Thursday, April 25, 2013

Small bank Big Customer Service

I’m still processing the feelings of a meeting this morning.

We moved the store’s account from a huge multinational bank to a local bank (Seattle Bank) several months ago. Each of two times that we have taken our credit card terminals off site to large meetings where we have sold books the terminals have malfunctioned and caused us considerable stress and accounting problems. A couple of weeks ago the event was large and the credit card malfunctions were large too.

Two individuals from Seattle Bank worked with us closely and long and hard. We phoned one of them Saturday evening at 8:45 and he returned the call Sunday morning at 10:00 to help us work with the malfunctioning terminals. He then spent many hours the following week working out ways to capture all of the credit card transactions.

This morning the manager of our local Seattle Bank visited us at our store and he brought with him the district or regional manager (I missed that specific detail.). That manager showed intense interest in the problems that we have experienced with the credit card terminals and the technical support that took a lot of time but often were of little help.

He took notes. And more notes. He asked probing questions and wrote down our answers. At one point he borrowed a highlighter and highlighted one section of notes. Before they left our store the manager assured us that our descriptions and his notes were going up the line and would make a difference for the future. Our local bank manager then gave us each a gift certificate at a small locally owned delicatessen that is also a member of the bank as a thank you for our time today.

Whenever I can I encourage individuals to shop with local independent businesses. The reasons include the real situation that those who are making their living by direct contact with their customers know their products better and give better customer care than those who work for the big megastore. I did not expect to receive such care and concern by my bank. I have no doubt that I would not have received that kind of personal care from our previous major name bank.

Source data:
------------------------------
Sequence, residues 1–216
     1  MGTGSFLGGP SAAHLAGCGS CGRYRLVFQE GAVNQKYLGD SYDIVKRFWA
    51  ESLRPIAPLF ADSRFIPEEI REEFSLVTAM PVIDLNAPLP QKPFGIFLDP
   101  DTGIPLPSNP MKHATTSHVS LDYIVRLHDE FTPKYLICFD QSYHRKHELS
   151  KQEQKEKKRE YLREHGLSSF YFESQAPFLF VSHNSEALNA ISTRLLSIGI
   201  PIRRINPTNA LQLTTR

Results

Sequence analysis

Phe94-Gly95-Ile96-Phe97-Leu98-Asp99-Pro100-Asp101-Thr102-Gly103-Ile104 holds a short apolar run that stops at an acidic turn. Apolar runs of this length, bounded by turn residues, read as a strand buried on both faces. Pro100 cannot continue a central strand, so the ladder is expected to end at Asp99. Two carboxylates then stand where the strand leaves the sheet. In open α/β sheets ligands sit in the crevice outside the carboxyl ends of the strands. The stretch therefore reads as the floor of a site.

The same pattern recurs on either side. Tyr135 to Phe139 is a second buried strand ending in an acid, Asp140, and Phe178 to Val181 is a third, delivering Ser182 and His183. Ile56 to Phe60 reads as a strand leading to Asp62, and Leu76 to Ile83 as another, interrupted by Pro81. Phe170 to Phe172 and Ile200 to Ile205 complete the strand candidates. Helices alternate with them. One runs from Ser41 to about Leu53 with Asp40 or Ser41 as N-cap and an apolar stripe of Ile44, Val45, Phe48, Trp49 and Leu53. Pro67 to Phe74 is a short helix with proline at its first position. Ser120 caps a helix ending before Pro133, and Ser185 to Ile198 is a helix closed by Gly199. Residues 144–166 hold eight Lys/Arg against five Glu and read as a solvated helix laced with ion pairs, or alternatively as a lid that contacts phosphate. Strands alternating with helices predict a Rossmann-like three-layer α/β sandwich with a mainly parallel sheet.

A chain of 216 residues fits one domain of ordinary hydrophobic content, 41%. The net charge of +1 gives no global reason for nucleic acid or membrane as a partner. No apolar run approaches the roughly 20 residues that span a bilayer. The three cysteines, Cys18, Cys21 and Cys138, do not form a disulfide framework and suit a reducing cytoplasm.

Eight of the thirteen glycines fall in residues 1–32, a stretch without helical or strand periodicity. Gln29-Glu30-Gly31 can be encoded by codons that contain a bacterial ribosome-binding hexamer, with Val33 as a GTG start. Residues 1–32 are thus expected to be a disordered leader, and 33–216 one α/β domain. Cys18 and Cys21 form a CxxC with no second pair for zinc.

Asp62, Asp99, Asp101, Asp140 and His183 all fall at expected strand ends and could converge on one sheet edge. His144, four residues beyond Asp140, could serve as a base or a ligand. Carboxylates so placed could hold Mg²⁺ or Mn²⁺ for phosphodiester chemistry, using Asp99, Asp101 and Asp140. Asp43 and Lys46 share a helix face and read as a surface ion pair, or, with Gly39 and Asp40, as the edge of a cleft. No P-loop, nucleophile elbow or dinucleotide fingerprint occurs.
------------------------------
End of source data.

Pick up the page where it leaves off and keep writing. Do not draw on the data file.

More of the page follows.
I’m still somewhat overwhelmed by today’s meeting.

Thursday, April 18, 2013

One of life’s joys, or is it embarrassments. And, is there a difference?

A “little old lady” phoned a few minutes ago. In her sweet and kind of shaky voice she asked, “Where are you located?”

I replied, “We are located in Seattle on Stone Way North, between the Wallingford and Fremont neighborhoods, just north of Lake Union and south of Green Lake.”

She replied, “Oh. Well, I’m in Denver Colorado.”

I assumed that she was asking one question, a local question. She was actually asking a continental question.

The laugh is on me!

I could have clarified with her first where she was located in order to give her an answer that met her needs. I just assumed too much.

Saturday, April 6, 2013

Being on both sides of the wall

A young man was dieing from cancer. Near the end of his life the author writes:
“And he told me that the day before, he had been lying in bed, thinking about getting up, and suddenly out of the corner of his eye he had become aware of some sort of a barrier or a wall just behind him. As he noticed it, he realized that he had always known it was there but he had never seen it before. I encouraged him to say more, ‘Well, I know I’m here on this side of it. But at the same time, I know I’m on the other side of it too. I don’t know that that means. Do you?’ ‘…It makes me feel good….Sort of peaceful and joyful.’
Two days later he died.”  -- Copied without permission from Kitchen Table Wisdom: Stories that Heal, by Rachael Naomi Remen, Riverhead Books, 1996, 2006, paperback, page299.

This is a new thought to me. Part of us, part of me, could be on “the other side” and have always been there. What does that tell me about dying?

One description of dying is that it is something like our birth where we had lived for many months, our whole existence, in a dark, warm, liquid world and at birth we are released from that world into a world that is light, cold, and dry, but it is good to be in the new world. And the corollary is that likewise it will be good to be in the “next world.”

If we have all along had part of us on the other side of the wall then our dying here won’t put us into a new place but we will remember it when we get there from the part of us that has been there all along. It won’t be a strange new world because we will recognize it as part of where we have been.